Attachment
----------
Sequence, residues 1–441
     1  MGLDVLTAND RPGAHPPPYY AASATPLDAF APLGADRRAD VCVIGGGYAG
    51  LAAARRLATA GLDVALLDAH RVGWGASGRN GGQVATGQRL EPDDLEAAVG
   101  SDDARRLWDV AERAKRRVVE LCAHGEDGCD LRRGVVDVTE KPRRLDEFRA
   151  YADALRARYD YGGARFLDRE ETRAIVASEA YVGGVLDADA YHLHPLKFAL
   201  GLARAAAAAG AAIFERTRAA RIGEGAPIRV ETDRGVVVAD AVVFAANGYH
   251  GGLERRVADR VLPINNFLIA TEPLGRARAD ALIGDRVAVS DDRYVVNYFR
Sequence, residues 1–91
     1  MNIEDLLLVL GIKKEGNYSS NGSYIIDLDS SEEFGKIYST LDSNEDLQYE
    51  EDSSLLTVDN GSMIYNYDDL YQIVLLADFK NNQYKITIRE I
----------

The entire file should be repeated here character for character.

Sequence, residues 1–441
     1  MGLDVLTAND RPGAHPPPYY AASATPLDAF APLGADRRAD VCVIGGGYAG
    51  LAAARRLATA GLDVALLDAH RVGWGASGRN GGQVATGQRL EPDDLEAAVG
   101  SDDARRLWDV AERAKRRVVE LCAHGEDGCD LRRGVVDVTE KPRRLDEFRA
   151  YADALRARYD YGGARFLDRE ETRAIVASEA YVGGVLDADA YHLHPLKFAL
   201  GLARAAAAAG AAIFERTRAA RIGEGAPIRV ETDRGVVVAD AVVFAANGYH
   251  GGLERRVADR VLPINNFLIA TEPLGRARAD ALIGDRVAVS DDRYVVNYFR
Sequence, residues 1–91
     1  MNIEDLLLVL GIKKEGNYSS NGSYIIDLDS SEEFGKIYST LDSNEDLQYE
    51  EDSSLLTVDN GSMIYNYDDL YQIVLLADFK NNQYKITIRE I